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MU Legend

MU Legend is a hack-and-slack MMORPG that is the sequel to the popular South Korean game MU Online. Dark fantastical dungeons with waves of enemies await, with RPG-like elements and gear progression.

Developer: Webzen
Playerbase: High
Type: Isometric MMORPG
Release Date: November 7th, 2017
Pros: +Skill customization. +Great 3D graphics. +Difficult dungeons.
Cons: -Bulky user interface. -Hallway maps.

Overview

MU Legend Overview

MU Legend is a hack-and-slack MMORPG developed and published by Webzen. It is the sequel to MU Online. Originally labelled MU2, MU Legend was announced in 2004, but development didn't begin until 2009. MU Legend features four unique classes with special abilities. Choose to be a Blader, Dark Lord, War Mage, or a Whisperer. Level up as you fight mobs, gaining experience and unlocking stronger abilities. Pick up loot to craft gear, and join arms with friends to take on the endless waves in the dark dungeons. MU Legend features a guild system, a quest system, skill trees, and different game modes/dungeon objectives.

MU Legend Key Features:

  • Unique Character Classes – choose from four different classes, each with powerful abilities, strengths, and playstyles.
  • Great Graphics – experience smooth 3D graphics through the Unreal Engine 3.
  • RPG Elements – enjoy traditional RPG elements, such as skill trees and quests, artfully mixed with hack-and-slack gameplay.
  • Randomized Dungeons – dynamic dungeons adjust their difficulty to character levels.

MU Legend Screenshots

MU Legend Featured Video

Full Review

MU Legend Review

By, Baruch Spinoza

Webzen wants MU Legend to be your go-to hack-and-slash ARPG. It perpetuates the cathartic combat of mowing down armies of mobs, interspersed with dungeon diving and skill customization. The latest MU is a game brimming with as many flashy effects as there are NPCs huddling in circles waiting for you to be the needle in their personal bubble. The question that hangs heavy in the air is, “Is it worth my time?” Is this free-to-play ARPG riding its wings to the sun, or will it burn up and fall back to the earth?

The Set Up

There’s five classes to choose between (the fifth being unavailable as of this writing) and they all boast their own degree of GAP model exaggeration. Customization is limited: a few presets for hair and face that don't differ much, though you can dip your character in any color you want. There’s enough personal flare for an ARPG, a genre that typically has limited sculpting.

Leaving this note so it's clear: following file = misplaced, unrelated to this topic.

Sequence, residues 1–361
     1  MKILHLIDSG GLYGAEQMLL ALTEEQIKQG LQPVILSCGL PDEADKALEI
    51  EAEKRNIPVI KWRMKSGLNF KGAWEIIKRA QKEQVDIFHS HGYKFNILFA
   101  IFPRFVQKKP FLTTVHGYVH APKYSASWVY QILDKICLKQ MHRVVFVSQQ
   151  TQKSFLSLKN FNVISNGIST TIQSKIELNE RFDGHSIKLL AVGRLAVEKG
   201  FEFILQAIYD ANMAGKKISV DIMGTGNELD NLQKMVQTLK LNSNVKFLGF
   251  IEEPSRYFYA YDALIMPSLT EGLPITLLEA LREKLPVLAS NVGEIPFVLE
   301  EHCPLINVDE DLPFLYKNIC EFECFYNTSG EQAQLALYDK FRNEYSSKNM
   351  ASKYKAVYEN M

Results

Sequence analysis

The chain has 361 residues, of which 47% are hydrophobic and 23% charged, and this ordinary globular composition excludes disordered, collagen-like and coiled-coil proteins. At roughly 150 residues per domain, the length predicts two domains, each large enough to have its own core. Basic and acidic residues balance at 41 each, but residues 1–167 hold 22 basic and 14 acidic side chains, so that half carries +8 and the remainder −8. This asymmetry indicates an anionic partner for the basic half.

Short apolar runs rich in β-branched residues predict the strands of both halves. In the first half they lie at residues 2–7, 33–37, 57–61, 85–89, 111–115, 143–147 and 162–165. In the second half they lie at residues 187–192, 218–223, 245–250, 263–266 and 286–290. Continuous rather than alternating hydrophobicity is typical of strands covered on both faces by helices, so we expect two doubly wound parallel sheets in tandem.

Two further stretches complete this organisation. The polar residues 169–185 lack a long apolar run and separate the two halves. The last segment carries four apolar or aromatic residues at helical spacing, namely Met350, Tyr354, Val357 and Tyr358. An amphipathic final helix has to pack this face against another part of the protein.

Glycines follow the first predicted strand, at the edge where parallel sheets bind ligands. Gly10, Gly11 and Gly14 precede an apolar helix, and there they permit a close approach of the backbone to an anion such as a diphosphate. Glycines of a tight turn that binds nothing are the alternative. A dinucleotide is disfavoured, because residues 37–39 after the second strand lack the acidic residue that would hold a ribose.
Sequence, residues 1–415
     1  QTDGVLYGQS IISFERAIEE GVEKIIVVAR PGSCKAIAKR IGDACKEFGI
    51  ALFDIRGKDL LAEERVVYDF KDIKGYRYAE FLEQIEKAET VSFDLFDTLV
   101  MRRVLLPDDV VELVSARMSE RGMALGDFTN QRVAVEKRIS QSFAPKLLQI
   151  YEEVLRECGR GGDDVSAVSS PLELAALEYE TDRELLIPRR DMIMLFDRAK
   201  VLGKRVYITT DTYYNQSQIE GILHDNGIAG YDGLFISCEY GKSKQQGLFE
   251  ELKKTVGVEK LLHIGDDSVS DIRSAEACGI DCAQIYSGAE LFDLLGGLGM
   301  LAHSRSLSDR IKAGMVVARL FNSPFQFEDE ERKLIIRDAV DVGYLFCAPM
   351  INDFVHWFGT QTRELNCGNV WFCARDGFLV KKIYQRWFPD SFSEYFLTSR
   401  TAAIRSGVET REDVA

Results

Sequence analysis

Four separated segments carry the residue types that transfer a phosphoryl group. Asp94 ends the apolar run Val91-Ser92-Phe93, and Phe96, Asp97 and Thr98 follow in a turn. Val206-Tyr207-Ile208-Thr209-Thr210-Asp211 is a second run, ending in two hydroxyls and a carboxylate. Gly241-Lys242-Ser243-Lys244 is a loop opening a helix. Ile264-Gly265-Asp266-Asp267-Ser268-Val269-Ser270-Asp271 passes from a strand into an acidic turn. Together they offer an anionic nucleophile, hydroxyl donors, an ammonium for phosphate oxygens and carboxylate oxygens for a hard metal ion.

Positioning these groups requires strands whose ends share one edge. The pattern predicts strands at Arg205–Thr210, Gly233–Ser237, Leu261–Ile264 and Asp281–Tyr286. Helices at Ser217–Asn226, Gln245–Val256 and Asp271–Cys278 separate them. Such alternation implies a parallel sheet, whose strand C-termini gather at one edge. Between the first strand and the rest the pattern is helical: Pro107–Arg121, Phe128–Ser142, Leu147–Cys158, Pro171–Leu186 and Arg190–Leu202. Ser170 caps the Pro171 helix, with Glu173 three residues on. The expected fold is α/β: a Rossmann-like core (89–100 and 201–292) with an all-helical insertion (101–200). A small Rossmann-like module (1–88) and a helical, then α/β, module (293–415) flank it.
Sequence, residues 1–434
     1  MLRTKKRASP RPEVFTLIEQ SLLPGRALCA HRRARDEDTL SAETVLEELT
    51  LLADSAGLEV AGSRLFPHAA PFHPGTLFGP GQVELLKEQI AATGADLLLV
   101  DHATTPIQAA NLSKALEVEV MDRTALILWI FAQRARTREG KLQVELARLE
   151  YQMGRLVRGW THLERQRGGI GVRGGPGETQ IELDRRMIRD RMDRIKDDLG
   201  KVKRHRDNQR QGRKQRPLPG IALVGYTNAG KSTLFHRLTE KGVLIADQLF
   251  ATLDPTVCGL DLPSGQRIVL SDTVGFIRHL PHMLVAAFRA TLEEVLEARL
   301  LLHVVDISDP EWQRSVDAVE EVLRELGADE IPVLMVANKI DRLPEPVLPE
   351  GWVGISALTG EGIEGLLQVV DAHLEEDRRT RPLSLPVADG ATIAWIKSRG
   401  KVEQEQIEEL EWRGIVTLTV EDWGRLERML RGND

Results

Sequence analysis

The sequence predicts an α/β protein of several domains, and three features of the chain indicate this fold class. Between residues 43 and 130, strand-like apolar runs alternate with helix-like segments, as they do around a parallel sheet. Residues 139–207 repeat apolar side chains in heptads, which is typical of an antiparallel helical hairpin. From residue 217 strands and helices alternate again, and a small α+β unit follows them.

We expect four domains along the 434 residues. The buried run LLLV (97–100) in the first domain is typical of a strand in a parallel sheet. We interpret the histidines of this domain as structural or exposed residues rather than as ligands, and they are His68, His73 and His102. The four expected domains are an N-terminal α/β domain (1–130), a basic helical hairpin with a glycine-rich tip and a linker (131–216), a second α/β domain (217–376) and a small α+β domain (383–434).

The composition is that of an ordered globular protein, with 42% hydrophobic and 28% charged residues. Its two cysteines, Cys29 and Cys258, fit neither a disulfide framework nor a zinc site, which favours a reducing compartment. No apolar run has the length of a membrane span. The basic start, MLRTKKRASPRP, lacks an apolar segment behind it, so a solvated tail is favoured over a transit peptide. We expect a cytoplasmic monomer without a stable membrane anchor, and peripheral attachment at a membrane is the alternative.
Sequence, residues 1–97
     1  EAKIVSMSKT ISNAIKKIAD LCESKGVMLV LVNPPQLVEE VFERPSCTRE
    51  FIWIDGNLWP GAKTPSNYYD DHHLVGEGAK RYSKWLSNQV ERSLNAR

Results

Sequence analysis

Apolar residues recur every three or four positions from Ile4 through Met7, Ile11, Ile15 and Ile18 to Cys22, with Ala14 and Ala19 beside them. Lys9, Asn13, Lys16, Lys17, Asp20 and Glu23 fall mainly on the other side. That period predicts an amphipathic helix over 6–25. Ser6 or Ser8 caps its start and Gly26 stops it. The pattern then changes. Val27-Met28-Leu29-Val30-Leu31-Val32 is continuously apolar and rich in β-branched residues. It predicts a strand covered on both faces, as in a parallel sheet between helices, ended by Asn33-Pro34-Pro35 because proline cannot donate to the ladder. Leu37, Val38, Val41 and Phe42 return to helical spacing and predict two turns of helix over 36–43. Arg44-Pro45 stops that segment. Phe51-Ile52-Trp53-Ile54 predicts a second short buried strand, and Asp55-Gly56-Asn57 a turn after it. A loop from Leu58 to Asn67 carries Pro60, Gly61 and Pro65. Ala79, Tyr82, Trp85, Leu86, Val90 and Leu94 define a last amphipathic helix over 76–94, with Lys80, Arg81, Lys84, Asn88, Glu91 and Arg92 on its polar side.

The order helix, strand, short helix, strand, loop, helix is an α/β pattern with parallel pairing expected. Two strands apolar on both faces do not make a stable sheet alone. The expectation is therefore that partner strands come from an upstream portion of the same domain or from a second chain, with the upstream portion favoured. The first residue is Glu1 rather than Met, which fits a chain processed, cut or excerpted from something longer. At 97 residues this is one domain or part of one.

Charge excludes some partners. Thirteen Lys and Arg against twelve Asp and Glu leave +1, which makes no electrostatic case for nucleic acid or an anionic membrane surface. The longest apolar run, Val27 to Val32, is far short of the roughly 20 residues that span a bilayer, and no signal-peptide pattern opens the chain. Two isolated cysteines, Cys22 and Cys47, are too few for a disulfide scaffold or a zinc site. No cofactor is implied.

Where your character will solidify their identity is through their patchwork armor set. You can preview endgame gear from the character creation menu, and they’re impressive looking. But you’re not getting that armor anytime soon. Starting at level 1, every class shows some skin and gradually covers up like they’ve just left the Garden.

One [Person] Army

Fights are a firework spectacle of colorful skills that could entertain any twelve year old bouncing off the walls; amphetamines can’t calm MU Legend’s effects. Combat is tapping all of your hotbar abilities, or finding the few that work in conjunction, after rounding up as many mobs in a given area as you can. It’s a spamfest, flinging ragdolls all over the field.

Abilities are bound to your keyboard keys such as Q and R which makes the rhythm of combat smooth as glass. And thankfully so. It makes the constant firing off of spells and spinning around in circles while holding your sword in front of you second-nature. Your fingers know what to do before your brain does.

But spamming the same skillset for every single encounter becomes repetitive, a trudge through a mire stretching to the horizon. Let me run you through my War Mage’s routine: I start by rounding up every enemy, then I can use an AOE stun (normally not worth the mana), throw down a fire-lane to dish out some damage over time, then I hold Q and charge up an electric surge until every enemy is a blackened crisp. If it wasn’t for the bombastic animations combat would become stale despite being flamboyant.

Flashy Abilities

Combat does manage to hold onto some freshness thanks to the impressive diversity of skills each character has available. It’s a children’s library of abilities, and just like a children’s library you’ll never use them all. So you have to decide on a playstyle, choosing your favorite 7—including an expert skill. Mixing and matching alleviates the sense of repetition.

As you use a skill you’ll unlock slots to equip crests: gems that enhance an aspect of a skill such as improving its Magic Attack or how much Critical Damage it dishes out. Each skill can have three crests equipped, but you’ll have to unlock slots by using those skills again and again, and again. While the bonuses are typically minimal they enhance your particular combat approach—prioritizing magic attack or critical damage—and quickly stack up into noticeable improvements. It’s another layer of customization and gives the impression that you’re your own hero, since most players not following a guide will end up with a personalized build.

Trapped In A Corridor

MU Legend’s world is a series of hallways stringed together by instance-portals. They twist and turn, with little pockets here and there, to give the illusion of an almost open plain. But in the end, they’re contained passages with walls like bowling bumpers dictating where you can roll. The environments are boring, lacking charm. Sure, some of the color palettes pop, and some of the architecture almost gives a sense of a lived-in world, but it falls short of anything but monotony.